“Such an innocent flower.” He twisted in his seat and brushed the back of his finger over her cheek. “If only that were possible. For I begin to believe my cousin has lied to me. But my hands are tied. I must deliver you to him as much as that grieves me.”
Her stomach flipped as skin met skin. Her body betrayed her with her captor. She gritted her teeth. One didn’t give up a perfect man for someone who went around kidnapping women at the whim of his cousin. “What does Jonathon want with me?”
“Jonathon? Who in tarnation is Jonathon?”
“I thought he was your cousin.”
“No cousin with that name that I know of.” He flicked the reins, guiding the horse between two large trees and under a low branch. “Duck your head.” He bent low, flattening his body against the horse’s neck.
In shock that she still didn’t know who had her abducted, she didn’t comprehend his last words until it was too late. The force of the branch striking her forehead thrust her backwards. Had she not had a fierce grip on Mr. Cane, she would have tumbled off the horse. She sucked in her breath as a sharp pain threatened to steal her consciousness. Closing her eyes, a tear slipped out, sending a warm trail down her cheek.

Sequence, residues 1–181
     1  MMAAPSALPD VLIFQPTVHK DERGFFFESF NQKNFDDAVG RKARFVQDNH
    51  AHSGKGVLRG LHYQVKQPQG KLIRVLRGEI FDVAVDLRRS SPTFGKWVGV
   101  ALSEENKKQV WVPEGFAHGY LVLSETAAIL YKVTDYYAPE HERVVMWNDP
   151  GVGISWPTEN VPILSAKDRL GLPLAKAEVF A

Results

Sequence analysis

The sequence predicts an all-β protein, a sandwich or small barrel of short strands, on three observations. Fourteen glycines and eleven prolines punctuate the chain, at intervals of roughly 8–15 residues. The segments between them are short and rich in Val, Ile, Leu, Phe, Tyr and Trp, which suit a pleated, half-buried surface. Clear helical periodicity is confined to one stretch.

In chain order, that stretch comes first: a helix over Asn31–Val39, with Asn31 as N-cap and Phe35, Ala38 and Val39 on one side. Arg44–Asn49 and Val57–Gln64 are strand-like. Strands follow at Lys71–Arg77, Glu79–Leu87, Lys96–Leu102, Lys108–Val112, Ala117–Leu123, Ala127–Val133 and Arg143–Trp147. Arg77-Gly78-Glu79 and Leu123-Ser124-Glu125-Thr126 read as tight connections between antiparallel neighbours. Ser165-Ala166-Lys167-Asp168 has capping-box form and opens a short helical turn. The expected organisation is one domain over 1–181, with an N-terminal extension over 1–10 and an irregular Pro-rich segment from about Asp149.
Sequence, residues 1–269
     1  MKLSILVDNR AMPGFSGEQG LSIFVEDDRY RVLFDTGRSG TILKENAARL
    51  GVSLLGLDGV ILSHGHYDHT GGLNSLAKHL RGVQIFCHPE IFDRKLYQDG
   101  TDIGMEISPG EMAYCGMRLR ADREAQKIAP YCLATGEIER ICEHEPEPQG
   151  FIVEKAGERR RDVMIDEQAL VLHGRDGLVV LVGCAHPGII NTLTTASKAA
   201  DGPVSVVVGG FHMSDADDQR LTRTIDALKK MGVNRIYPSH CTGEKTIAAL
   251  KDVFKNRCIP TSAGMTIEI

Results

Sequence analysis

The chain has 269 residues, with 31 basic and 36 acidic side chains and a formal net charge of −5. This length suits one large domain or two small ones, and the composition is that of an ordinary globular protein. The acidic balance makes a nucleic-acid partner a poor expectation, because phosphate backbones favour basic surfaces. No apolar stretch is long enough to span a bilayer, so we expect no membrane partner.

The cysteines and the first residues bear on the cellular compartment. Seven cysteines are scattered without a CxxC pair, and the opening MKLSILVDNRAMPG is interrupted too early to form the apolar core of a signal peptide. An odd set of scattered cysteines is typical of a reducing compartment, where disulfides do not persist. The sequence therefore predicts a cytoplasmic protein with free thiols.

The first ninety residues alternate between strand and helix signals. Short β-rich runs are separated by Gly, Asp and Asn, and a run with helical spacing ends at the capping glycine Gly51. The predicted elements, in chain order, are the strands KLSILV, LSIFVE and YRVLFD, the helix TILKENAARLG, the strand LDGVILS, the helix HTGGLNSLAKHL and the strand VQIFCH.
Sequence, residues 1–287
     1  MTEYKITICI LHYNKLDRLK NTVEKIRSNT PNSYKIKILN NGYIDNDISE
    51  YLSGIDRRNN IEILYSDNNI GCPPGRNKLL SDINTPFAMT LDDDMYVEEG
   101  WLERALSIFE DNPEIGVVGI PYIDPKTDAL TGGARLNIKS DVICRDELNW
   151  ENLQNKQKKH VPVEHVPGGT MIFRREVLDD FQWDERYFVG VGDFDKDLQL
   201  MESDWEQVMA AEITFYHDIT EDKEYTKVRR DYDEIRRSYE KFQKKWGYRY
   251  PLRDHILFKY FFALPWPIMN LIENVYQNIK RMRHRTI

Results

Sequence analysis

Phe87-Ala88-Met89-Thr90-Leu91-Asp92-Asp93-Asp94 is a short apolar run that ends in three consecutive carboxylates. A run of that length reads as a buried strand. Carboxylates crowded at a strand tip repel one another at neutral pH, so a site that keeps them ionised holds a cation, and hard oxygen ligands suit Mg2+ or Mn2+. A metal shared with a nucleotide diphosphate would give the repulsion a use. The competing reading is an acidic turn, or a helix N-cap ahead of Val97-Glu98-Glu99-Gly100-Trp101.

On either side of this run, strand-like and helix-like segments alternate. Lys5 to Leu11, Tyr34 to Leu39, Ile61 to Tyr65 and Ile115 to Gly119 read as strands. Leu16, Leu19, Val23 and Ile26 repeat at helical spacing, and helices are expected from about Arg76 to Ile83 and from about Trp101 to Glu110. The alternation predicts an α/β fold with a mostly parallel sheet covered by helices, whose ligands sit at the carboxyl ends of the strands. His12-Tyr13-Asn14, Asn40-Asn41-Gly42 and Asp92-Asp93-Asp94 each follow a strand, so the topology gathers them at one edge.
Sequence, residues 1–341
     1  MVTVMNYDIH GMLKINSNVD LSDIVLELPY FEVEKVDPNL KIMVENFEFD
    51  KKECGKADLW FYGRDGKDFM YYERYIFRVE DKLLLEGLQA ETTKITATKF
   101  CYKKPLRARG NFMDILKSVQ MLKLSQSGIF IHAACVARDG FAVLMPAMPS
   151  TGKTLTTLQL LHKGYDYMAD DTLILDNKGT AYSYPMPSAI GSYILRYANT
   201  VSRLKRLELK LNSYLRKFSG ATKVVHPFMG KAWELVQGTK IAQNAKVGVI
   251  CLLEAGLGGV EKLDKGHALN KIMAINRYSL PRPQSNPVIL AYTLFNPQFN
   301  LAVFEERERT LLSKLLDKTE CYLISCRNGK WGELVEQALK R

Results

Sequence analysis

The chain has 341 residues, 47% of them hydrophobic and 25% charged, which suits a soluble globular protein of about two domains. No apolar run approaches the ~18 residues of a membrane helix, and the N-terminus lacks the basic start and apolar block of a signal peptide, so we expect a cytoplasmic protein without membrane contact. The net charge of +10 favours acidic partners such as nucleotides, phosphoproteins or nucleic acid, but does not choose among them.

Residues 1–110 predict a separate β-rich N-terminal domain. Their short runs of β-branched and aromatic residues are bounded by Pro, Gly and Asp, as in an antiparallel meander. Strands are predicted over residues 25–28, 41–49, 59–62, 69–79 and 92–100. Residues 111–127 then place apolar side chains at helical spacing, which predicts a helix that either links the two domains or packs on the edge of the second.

“We’re here.” He pulled the horse to a stop and jumped down.
A single bird could be heard off in the woods. Celia concentrated on its songs, trying to overcome the pain. The joyful chirping faded and she forced open her eyes, expecting to see Mr. Cane waiting on her to dismount.
Instead he gawked. She followed the direction of his gaze to her ankles peeking out from beneath her hiked up dress as she sat on the saddle. She tugged at the fabric in an attempt to lower the hem over her slippered feet. “Would you be so kind as to help me down?”
He slowly drew his eyes up to lock with hers. He lifted his arms. “By your leave.”
She couldn’t move. In the excitement of being abducted and shot at she had forgotten her promise. Now as if to cement her vow the man used the same phrase a second time. He arched a brow and she glanced at the dangling reins. Perhaps she could slide forward and kick the horse into motion, leaving behind this man and her vow.
As if he’d once again read her mind, he reached up and pulled her out of the saddle. Her feet hit the ground, but he didn’t release her. He towered over her like a great oak tree. She tipped her head back and glared. Her knees quivered.
He frowned. Then gingerly brushed his lips over her forehead. “You didn’t duck.” He wiped the tear with his thumb.
Her breath caught in her throat.
A branch snapped.
Turner Cane lowered his hand and spun around. He stepped aside revealing the truth of why she was there. “I assume you know William, my cousin.”
The man sneered. “I believe she knows me better as Gregory.”
Contributed by Debbie Lynne Costello www.debbielynnecostello.com